Frank Johnson, chief information officer in the Mayor’s Office of Information Technology, said he was not aware of any specific ransom request made by the hackers of Baltimore’s network, but federal authorities are investigating.
“The systems and the software and the files are all being investigated by the FBI right now,” Johnson said.
No personal data of city residents was compromised, he added.
Dave Fitz, an FBI spokesman, could not be reached Wednesday. On Tuesday, Fitz said the agency was aware of the breach and providing assistance to the city, but otherwise declined to comment.
The attack infiltrated a server that runs the city’s computer-aided dispatch, or CAD, system for 911 and 311 calls. The system automatically populates 911 callers’ locations on maps and dispatches the closest emergency responders there more seamlessly than is possible with manual dispatching. It also relays information to first responders in some cases and logs information for data retention and records.
The breach shut down the CAD system from Sunday morning until Monday morning, forcing the city to revert to manual dispatching during that time. While the city’s 911 calls are normally recorded online on Open Baltimore, the city dispatch logs stopped recording them at 9:54 a.m. Sunday and didn’t resume recording them again until 7:42 a.m. Monday.
Johnson said the attack was made possible after a city information technology team troubleshooting a separate communications issue with the server inadvertently changed a firewall and left a port, or a channel to the Internet, open for about 24 hours, and hackers who were likely running automated scans of networks looking for such vulnerabilities found it and gained access.
“I don’t know what else to call it but a self-inflicted wound,” Johnson said. “The bad guys did not get in on their own without the help of someone inadvertently leaving the door open.”
Once the “limited breach” was identified, city information technology crews “were able to successfully isolate the threat and ensure that no harm was done to other servers or systems” on the city’s network, Johnson said. And once “all systems were properly vetted, CAD was brought back online.”
Johnson said the city “continues to work with its federal partners to determine the source of the intrusion.”
The Baltimore hack comes amid increasing hacking of municipal systems across the country, and follows one in Atlanta last week that paralyzed that city’s online bill-payment system, with hackers demanding a $51,000 payment in bitcoin to unlock it. That attack occurred Thursday, and Atlanta employees only turned their computers back on Tuesday.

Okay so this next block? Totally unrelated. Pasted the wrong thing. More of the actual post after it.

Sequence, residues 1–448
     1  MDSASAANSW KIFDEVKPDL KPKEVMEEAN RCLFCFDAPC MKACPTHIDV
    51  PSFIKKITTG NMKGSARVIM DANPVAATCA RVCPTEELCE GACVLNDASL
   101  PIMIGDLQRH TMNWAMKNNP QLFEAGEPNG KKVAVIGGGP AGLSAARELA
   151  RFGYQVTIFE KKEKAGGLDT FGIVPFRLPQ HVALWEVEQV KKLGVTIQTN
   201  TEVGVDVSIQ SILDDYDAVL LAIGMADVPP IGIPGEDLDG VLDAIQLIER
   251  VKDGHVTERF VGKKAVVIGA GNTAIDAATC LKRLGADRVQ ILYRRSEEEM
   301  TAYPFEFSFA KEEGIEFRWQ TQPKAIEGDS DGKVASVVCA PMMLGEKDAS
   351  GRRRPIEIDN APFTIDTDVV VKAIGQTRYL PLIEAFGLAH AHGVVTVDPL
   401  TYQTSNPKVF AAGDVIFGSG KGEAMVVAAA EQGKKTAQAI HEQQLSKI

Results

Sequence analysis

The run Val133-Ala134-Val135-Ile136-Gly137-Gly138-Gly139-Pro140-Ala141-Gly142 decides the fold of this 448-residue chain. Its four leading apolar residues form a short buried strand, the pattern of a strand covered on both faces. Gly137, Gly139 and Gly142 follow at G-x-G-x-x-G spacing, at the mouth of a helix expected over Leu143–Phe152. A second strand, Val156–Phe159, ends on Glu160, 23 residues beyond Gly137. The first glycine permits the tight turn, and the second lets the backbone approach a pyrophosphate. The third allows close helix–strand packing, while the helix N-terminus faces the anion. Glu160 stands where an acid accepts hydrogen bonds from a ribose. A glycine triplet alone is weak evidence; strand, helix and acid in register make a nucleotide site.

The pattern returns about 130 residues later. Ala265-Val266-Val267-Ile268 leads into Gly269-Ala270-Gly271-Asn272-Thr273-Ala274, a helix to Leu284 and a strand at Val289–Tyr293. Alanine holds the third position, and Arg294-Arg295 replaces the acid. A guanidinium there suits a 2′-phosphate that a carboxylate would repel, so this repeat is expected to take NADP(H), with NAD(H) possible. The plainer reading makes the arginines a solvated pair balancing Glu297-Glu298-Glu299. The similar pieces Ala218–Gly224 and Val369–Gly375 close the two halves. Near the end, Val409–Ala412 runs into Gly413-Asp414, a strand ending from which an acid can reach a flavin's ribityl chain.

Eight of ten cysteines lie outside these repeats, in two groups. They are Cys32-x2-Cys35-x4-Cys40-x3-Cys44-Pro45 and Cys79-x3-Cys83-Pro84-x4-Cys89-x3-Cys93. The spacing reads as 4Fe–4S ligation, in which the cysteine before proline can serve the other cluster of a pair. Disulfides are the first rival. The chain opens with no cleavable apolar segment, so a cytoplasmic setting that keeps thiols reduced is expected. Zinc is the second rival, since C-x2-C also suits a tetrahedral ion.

Johnson said his office works diligently to prevent cyberattacks and is looking to invest more in safeguarding its networks.
Baltimore also faced cyberattacks during the unrest in 2015, when its website was taken offline. Johnson said he was unaware of any other successful attacks on the city’s networks. He said the city would be obligated to disclose any attacks that compromised residents’ personal information, health information or crime data.
Johnson said he feels the city recovered well from the breach once it was identified, but that he did not want to go into detail about what was done lest he expose the city to more attacks.
The city has a $2.5 million contract with TriTech Software Systems to maintain its CAD software and provide “technical support services to ensure the functional integrity” of the city’s CAD system.
Scott MacDonald, TriTech’s vice president of public safety strategy, said the company worked with city IT personnel to shut down the CAD software after the attack. The breach was not related to the company’s software, MacDonald said.
“When we were alerted of it, it was reported that the server had some sort of compromise,” he said. “Our techs connected and worked with the IT staff there, and the CAD system was taken down manually, in combination between our staff and theirs, while the servers could be troubleshooted by the city.”